The influx of multiplexes into the Greek market in 1997 signaled a dramatic change on the local scene. In Athens alone, there were 99 new cinema auditoriums; box office receipts more than doubled and brought a night out at the cinema back into fashion. Large towns without film houses suddenly acquired modern multiplexes and access to one of the basic expressions of popular culture.

A small market for the size of the population > The majority of cinemagoers prefer multiplexes, so the crisis affects individual movie houses. Multiplexes are often blamed but it is they that have doubled the number of tickets sold in recent years.

There are many reasons why the original Athenian Village cinema closed down. For instance, it was too close to its larger brother at The Mall. The vigorous development of multiplexes in a virgin market such as that of Greece seems to have come to the end of a stage. None of the three major companies that run multiplexes in Greece, Village Roadshow, Odeon, Ster Cinemas, wants to talk of market saturation but recent examples make it safe to conclude that, despite the addition of new cinema houses, ticket sales have remained worryingly stable.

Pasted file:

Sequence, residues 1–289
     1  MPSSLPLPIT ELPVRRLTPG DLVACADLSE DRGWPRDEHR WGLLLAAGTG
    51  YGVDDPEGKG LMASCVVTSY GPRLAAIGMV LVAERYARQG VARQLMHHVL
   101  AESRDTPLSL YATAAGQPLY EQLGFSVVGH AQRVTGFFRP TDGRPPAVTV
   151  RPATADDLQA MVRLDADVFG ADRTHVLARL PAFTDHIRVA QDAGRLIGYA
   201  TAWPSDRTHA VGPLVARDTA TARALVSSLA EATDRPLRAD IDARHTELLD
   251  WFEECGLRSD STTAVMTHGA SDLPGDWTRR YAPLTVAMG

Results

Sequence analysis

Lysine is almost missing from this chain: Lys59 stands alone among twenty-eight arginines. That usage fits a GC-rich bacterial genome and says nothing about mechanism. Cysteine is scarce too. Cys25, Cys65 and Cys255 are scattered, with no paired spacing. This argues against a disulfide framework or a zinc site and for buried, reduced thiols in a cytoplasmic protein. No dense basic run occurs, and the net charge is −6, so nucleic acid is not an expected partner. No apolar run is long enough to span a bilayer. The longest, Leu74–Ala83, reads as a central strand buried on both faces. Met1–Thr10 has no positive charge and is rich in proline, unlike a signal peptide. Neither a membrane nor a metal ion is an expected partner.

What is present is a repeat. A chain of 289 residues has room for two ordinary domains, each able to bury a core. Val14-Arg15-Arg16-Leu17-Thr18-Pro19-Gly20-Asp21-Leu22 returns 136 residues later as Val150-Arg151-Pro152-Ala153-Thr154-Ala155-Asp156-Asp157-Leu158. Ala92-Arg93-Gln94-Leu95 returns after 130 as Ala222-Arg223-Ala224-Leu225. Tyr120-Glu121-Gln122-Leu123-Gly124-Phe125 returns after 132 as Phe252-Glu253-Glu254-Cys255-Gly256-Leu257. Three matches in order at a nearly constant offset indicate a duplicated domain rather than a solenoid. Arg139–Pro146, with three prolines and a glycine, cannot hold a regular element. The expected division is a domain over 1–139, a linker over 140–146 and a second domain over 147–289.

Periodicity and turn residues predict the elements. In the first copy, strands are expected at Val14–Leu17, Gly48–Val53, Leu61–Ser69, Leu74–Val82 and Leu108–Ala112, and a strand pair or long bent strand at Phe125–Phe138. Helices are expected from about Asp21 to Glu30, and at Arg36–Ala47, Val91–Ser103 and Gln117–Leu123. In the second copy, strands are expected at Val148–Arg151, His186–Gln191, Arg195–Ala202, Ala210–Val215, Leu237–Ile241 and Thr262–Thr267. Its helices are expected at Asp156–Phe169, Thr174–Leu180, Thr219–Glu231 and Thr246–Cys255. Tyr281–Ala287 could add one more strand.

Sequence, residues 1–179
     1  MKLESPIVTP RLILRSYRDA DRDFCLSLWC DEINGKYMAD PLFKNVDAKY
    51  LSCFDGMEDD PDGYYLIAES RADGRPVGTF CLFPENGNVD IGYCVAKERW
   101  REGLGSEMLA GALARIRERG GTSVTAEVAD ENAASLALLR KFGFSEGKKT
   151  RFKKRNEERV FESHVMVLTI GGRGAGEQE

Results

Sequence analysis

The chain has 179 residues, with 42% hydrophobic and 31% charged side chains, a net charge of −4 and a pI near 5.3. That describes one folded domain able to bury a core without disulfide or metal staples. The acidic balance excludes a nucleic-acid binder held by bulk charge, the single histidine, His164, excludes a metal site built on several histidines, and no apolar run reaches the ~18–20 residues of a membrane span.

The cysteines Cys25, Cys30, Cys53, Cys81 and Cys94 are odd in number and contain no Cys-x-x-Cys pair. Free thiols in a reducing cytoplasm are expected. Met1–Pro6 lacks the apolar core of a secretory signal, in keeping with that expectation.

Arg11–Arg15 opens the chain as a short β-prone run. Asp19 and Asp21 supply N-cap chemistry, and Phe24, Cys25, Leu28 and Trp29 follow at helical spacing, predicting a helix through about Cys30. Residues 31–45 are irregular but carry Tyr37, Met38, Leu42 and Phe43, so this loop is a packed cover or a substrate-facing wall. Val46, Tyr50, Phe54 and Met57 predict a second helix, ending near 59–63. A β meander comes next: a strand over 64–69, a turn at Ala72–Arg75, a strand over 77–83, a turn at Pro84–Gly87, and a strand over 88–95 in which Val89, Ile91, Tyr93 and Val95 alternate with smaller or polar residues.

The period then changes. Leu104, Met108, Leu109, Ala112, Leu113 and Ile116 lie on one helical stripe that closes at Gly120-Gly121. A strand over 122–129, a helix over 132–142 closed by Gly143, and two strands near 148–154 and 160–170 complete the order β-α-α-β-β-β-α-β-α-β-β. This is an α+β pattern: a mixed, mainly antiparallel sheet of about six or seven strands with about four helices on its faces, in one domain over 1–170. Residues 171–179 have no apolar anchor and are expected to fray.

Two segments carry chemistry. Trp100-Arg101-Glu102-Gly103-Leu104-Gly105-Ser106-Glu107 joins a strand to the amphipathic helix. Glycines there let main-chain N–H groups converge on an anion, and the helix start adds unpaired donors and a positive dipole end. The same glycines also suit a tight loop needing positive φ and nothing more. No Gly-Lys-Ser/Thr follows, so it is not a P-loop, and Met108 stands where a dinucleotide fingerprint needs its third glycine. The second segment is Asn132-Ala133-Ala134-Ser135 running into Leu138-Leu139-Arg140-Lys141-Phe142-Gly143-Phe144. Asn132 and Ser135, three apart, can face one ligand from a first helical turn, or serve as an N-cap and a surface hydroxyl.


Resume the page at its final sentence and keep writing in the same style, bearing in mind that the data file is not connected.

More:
This is not very good news for a market that is disproportionately small for the size of the population. On average, Greeks go to the cinema slightly more than once a year, compared with three times for the French and four for Americans.

“Demand remains stable, stable at low levels,” explained Odeon Cineplex’s Manager Makis Diamantopoulos. “The market is moving upward, but very slowly, and it concerns mainly Athens, to a lesser extent Thessaloniki, and even less towns in the provinces.”

This is no reason not to celebrate their 10th birthday. Haris Antonopoulos, President and Managing Director of the Village Roadshow group, talked of expectations that have been met: “We have every reason to feel justified. When Village came into the Greek market, ticket sales were at 6-7 million; since then they have doubled to 14 million.”